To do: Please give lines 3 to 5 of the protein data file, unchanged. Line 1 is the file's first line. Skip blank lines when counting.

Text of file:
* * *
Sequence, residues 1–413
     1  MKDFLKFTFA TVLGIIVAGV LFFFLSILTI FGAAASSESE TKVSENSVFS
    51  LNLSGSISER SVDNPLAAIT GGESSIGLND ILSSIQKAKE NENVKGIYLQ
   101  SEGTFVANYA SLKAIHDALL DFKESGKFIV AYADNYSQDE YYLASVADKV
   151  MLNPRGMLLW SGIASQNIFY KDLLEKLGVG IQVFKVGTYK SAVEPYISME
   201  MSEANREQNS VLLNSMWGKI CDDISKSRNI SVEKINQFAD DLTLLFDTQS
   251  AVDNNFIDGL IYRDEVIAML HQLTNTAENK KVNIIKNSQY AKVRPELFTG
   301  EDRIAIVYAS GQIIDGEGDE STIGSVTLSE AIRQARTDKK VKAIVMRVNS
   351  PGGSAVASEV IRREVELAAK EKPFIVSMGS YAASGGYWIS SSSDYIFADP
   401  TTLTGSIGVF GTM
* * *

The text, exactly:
    51  LNLSGSISER SVDNPLAAIT GGESSIGLND ILSSIQKAKE NENVKGIYLQ
   101  SEGTFVANYA SLKAIHDALL DFKESGKFIV AYADNYSQDE YYLASVADKV
   151  MLNPRGMLLW SGIASQNIFY KDLLEKLGVG IQVFKVGTYK SAVEPYISME